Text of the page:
President Obama and congressional Democrats are avidly pursuing a sweeping agenda they claim is justified by the need for greater “fairness.” This invites scrutiny of the various programs to verify if they do, in fact, promote fairness.
“Free from bias, dishonesty, or injustice” is the standard meaning of fairness, which requires treating people similarly, perhaps not identically, but certainly not with purposeful difference. Apply this test to the tax changes proposed in President Obama’s budget, and it seems clear he wants to punish higher-income earners for the benefit of others, namely lower and middle-income earners.
Let’s understand the pre-Obama tax status quo. In 2006, the most recent year for which comprehensive IRS statistics are available, there were 135.7 million tax returns with a total of $8.1 trillion in income (technically called adjusted gross income) and a total of $1.0 trillion paid in income taxes after consideration of tax credits.
The top one percent of earners claimed 22.1 percent of all the adjusted gross income that year, but they paid 39.9 percent of all income taxes.
In other words, the richest of the rich in 2006 paid nearly double the proportion of their income in income taxes. Such a disproportionate burden makes it tough to argue that the tax system is rigged to benefit the rich.
Perhaps more striking is the burden placed on the 13.8 million earners who represent the top 10 percent of Americans. In 2006, the top 10 percent earned almost half of all the income (47.3 percent) but paid a full 70.8 percent of all income taxes. Put differently, 13.8 million taxpayers paid almost three-quarters of the entire income tax bill in 2006.
Another way of looking at the burden of income taxes is by the average tax rate faced by different groups. The average tax rate (ratio of income taxes after credits to adjusted gross income) for the top one percent was 22.8 percent. For the top 10 percent it was 18.9 percent. For the bottom 50 percent it was a near non-existent 3.0 percent. The figures make it abundantly clear that income taxes, the largest source of government revenues, are markedly punitive the more one earns.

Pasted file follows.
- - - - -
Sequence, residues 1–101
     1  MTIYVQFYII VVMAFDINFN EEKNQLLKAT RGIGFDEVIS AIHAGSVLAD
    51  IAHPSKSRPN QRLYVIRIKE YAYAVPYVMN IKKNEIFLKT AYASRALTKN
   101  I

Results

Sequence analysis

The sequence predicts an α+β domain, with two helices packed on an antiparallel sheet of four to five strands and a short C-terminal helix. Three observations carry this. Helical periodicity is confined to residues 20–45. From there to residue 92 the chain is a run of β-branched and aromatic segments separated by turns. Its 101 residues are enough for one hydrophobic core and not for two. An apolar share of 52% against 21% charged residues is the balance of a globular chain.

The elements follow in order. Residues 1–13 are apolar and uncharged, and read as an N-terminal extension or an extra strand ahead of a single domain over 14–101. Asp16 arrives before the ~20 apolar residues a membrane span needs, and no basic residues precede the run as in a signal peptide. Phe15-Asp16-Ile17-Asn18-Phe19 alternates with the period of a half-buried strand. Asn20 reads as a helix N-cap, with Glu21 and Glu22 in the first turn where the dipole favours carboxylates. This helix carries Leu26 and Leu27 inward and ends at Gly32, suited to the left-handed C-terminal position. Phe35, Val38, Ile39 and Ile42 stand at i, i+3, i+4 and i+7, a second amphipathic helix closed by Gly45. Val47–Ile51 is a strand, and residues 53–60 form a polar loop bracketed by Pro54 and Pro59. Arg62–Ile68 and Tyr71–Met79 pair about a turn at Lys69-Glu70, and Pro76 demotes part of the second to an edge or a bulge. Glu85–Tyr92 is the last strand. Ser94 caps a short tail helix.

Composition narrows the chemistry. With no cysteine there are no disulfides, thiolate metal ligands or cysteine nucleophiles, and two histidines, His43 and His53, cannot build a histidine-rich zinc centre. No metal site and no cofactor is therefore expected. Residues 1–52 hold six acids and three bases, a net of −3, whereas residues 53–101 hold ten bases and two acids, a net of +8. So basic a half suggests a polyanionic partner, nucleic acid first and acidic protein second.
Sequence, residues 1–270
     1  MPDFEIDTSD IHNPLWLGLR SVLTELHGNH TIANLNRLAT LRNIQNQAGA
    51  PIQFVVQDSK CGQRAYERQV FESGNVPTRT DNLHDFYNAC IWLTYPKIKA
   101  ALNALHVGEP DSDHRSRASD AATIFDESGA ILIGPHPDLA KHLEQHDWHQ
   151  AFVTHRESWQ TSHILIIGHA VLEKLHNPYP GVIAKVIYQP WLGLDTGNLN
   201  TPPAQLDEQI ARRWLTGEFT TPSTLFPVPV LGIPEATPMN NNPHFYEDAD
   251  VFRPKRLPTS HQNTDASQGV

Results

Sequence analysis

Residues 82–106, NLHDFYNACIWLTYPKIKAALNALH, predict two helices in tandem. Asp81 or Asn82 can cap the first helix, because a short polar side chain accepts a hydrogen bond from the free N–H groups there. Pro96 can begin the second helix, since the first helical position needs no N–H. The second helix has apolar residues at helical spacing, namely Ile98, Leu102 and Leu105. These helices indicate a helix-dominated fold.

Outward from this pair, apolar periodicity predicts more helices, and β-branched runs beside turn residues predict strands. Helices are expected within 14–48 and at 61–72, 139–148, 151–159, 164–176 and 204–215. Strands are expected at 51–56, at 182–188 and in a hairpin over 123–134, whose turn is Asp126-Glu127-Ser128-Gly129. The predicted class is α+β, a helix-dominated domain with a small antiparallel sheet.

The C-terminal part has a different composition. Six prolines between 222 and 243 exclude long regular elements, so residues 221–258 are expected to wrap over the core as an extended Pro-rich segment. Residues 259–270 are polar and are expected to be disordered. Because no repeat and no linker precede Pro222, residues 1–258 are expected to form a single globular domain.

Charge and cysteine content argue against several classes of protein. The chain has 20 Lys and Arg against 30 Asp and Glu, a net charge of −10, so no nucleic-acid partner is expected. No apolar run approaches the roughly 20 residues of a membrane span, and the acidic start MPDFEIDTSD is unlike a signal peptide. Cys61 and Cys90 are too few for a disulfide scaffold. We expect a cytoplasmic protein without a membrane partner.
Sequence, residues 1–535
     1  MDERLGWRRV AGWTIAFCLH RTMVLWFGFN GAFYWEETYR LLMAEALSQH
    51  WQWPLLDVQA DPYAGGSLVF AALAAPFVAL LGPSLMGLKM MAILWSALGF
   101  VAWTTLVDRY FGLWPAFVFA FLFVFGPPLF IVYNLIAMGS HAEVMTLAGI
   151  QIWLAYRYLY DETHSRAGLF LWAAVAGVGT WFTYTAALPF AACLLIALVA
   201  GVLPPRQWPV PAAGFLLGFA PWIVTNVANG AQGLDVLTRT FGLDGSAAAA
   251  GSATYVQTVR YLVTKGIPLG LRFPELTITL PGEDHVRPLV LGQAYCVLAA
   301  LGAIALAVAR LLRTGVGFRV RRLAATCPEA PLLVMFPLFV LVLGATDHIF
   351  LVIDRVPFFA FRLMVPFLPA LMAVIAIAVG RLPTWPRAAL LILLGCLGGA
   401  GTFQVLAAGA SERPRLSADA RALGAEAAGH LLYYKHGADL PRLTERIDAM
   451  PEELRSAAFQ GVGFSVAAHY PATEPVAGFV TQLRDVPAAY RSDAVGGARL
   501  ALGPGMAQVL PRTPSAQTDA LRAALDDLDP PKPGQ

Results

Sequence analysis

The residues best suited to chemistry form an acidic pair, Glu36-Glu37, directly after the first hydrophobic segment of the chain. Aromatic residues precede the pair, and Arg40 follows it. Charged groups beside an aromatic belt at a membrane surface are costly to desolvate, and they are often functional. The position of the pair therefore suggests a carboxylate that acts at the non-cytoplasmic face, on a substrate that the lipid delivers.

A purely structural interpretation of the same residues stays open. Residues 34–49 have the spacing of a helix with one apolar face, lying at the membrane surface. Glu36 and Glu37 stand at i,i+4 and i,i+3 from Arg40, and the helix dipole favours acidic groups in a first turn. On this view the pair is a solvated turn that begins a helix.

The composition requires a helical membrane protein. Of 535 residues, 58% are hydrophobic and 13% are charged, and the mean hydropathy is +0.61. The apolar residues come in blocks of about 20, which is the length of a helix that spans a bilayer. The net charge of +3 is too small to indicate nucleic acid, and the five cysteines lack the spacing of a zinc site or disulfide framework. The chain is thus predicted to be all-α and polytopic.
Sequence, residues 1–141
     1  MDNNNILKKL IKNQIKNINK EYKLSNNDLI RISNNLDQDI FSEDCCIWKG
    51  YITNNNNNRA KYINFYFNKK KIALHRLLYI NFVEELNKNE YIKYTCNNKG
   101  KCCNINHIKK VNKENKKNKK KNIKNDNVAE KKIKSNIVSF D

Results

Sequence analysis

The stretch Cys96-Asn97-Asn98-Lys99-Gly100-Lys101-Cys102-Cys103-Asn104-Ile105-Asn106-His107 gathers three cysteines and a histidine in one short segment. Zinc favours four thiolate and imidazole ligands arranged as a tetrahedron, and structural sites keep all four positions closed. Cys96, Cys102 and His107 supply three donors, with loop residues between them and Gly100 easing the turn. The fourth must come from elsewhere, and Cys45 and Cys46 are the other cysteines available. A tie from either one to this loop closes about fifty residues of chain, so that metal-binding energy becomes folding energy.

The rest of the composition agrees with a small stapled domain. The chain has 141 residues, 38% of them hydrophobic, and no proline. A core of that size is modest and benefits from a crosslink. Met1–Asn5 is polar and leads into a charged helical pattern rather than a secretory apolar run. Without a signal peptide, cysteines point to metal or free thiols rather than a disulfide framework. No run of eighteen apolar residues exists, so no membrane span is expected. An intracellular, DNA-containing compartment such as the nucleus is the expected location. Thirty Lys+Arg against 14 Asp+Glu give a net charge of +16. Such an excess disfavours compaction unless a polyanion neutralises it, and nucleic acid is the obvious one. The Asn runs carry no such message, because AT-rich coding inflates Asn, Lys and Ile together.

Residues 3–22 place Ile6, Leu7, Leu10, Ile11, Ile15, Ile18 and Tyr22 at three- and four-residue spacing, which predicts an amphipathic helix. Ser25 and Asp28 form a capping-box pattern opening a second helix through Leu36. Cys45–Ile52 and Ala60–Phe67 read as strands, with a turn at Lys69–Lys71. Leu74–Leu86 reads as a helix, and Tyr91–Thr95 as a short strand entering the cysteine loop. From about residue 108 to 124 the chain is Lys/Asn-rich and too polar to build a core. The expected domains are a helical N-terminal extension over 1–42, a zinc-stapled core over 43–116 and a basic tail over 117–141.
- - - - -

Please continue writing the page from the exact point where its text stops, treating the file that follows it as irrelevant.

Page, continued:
The normal response from those who want yet higher taxes on the wealthy is that lower and middle-income earners also pay payroll taxes, which is true. However, payroll taxes largely go to fund what is supposed to be a social insurance fund. The grand bargain behind the program, as espoused by FDR, is that people pay into the fund and then receive a near-proportionate benefit. Those arguing for reform of payroll taxes are essentially promoting the abandonment of that grand bargain in order to achieve even greater redistribution of income.
It is a strange concept of fairness that requires some people to pay more taxes so others can benefit from programs they no longer pay for. Consider also the radical plan to shift power away from workers and employers to unions, known as the Employee Free Choice Act.
In the name of fairness, this bill eliminates the requirement for a secret-ballot vote to approve the installation of a union, which is considered a mainstay of fair elections and a protection against retaliation. In other countries, such measures have proven to be a bonanza for union bosses but costly for average workers and the economy as a whole. Thus, on union membership, payroll taxes, and income taxes, the administration’s policies fail the basic fairness test.
President Obama is a man of boundless eloquence but proclaiming a policy to be fair does not make it so. To achieve the brighter future the President and everybody else wants will require a different and decidedly fairer approach.
Jason Clemens is the Director of Research at the Pacific Research Institute.